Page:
Cheap Gas, Clean Toilets, and Marketing

Marketing DifferentiationWhile on vacation, driving South through tropical storm Andrea on I-95 in Georgia last week, I saw billboards for everything from churches and attorneys to motorcycle dealers and pecan vendors.  However there were two billboards for rival gas stations that got my attention as a marketer.

The first billboard was for a gas station called El Cheapo.  The name of this chain of Shell stations pretty clearly implies that this organization is competing on low price.  The billboard was pretty basic.  It focused mostly on the brand itself and communicated the idea of cheap.  Not living in the area, I am not sure of their ability to deliver on this promise, but again, the implied message “we sell cheap gas” was clear.

A few miles later, I saw a billboard for another chain of gas stations called Parker’s.  On this billboard, in big bold letters, was the phrase “Spotless Restrooms.”  Note that the products the chain sells both at the gas pump and inside the convenience store were not the focus.  Rather, they identified a different need that the interstate highway consumer might have – a biological one.  They are selling something free to the consumer, in hopes of then selling something for money in the process.  Parker’s appears to be guessing that while some travelers may exit the highway in search of the place where they can save a few cents on a gallon of gas (El Cheapo), others who not only need gas but also have an urgent need to “play an away game” will want to do so in place that is clean, safe, and hygienic.   I am also not sure of Parker’s ability to deliver on this promise, but their message was clear and very different from El Cheapo.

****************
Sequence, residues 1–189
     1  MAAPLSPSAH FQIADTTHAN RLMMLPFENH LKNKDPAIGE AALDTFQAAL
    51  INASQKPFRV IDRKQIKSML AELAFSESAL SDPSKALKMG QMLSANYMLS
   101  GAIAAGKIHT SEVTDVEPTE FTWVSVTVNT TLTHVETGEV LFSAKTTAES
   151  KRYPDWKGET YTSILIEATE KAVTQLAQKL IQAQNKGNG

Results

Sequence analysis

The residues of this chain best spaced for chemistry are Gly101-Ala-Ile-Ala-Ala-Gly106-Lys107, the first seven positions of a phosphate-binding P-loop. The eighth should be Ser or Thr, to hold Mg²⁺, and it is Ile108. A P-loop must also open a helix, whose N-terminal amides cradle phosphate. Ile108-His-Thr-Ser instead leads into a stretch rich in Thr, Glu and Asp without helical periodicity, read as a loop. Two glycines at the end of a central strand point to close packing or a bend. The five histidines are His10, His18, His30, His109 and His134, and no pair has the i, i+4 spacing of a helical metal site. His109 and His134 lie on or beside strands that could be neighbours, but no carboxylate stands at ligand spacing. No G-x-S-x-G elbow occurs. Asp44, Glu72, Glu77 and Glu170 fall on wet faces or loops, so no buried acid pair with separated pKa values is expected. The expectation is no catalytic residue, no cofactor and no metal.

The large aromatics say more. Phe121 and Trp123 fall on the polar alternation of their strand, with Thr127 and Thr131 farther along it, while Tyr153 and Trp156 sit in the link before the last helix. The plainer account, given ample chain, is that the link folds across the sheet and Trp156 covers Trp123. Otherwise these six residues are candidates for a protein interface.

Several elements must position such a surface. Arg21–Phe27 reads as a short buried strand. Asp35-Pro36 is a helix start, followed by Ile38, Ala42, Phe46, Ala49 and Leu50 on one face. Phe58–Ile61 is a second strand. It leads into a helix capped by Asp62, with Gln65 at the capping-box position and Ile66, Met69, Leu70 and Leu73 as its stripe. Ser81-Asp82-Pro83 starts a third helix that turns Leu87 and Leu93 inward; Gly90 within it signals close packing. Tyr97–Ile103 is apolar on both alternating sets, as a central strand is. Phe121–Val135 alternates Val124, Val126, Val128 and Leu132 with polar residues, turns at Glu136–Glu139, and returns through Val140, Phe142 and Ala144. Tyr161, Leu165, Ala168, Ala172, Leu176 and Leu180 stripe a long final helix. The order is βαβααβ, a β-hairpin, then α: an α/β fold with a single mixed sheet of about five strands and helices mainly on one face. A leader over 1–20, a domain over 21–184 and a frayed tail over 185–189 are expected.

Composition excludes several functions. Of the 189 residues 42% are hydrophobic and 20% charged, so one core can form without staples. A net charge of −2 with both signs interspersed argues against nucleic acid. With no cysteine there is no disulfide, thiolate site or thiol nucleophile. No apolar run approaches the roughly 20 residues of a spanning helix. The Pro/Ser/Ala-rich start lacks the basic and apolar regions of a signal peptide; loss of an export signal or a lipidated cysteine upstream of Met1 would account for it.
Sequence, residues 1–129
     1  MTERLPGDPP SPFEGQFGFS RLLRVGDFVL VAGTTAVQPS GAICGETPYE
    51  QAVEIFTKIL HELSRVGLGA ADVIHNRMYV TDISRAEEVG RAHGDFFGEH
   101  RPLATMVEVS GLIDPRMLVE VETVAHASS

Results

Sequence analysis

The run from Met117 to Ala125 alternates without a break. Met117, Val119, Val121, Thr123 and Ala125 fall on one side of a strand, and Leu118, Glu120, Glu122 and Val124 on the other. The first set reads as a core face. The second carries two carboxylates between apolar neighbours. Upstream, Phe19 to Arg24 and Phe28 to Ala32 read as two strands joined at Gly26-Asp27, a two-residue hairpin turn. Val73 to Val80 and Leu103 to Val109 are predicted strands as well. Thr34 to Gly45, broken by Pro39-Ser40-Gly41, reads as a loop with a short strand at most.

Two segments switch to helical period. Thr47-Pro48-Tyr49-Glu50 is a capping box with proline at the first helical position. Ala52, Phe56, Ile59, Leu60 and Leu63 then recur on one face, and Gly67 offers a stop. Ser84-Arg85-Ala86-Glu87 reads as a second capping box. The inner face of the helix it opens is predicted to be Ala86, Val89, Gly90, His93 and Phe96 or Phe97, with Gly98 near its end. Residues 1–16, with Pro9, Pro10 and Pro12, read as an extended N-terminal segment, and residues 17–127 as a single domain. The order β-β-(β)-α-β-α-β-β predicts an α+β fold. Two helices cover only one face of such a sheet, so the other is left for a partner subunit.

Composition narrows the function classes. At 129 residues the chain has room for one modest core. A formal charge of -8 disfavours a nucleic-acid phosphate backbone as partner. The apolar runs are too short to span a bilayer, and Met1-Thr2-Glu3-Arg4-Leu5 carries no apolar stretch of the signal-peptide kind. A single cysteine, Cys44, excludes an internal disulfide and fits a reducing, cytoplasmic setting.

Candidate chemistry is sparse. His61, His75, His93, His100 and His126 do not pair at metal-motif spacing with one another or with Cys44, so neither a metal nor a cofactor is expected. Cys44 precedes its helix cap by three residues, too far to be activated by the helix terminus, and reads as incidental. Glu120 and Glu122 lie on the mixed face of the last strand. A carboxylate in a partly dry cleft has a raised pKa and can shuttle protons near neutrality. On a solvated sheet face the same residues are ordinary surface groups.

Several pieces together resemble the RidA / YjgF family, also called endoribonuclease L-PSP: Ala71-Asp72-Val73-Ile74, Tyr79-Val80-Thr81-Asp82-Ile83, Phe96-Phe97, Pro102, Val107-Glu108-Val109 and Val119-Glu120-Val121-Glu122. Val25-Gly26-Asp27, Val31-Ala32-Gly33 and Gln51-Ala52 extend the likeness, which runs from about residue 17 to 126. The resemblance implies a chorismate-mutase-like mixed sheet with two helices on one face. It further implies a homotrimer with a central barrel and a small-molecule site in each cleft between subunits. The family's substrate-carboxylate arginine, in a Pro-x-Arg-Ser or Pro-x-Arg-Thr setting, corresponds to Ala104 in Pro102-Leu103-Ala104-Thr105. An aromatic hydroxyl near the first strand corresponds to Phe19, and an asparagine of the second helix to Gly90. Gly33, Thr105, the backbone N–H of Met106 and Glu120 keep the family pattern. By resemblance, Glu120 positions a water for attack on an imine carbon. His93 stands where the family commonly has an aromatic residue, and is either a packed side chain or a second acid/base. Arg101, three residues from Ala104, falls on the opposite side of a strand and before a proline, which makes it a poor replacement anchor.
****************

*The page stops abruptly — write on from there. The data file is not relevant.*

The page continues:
This simple example illustrates the idea of differentiation.  On the surface both stores are selling gas as well as candy bars and sodas.  They are basically the same in terms of core product offering.  However they are trying to sell these things in different ways by speaking to different consumer needs.  One is selling cheap gas while the other is selling clean toilets.  Undoubtedly, some consumers will be motivated by one and some by the other.  The key takeaway is that while they are similar, they are being sold as different.

What about your brand?  Are you simply selling your core product offering the same as everyone else in your industry or have you done something to be different and create unique value for customers?  If a highway gas station can find a way to do it, you probably can too.

 

David E. Bowman

As Chief Mar­ket­ing Strate­gist for The Ohlmann Group, my job is to use my knowl­edge of busi­ness strat­egy, my pas­sion for cre­ative expres­sion, and my skills of com­mu­ni­ca­tion to help peo­ple achieve the remark­able. I believe that Mar­ket­ing is both art and sci­ence - using the uniquely human gifts of cre­ativ­ity and ana­lyt­i­cal think­ing to deliver some­thing of value to our world

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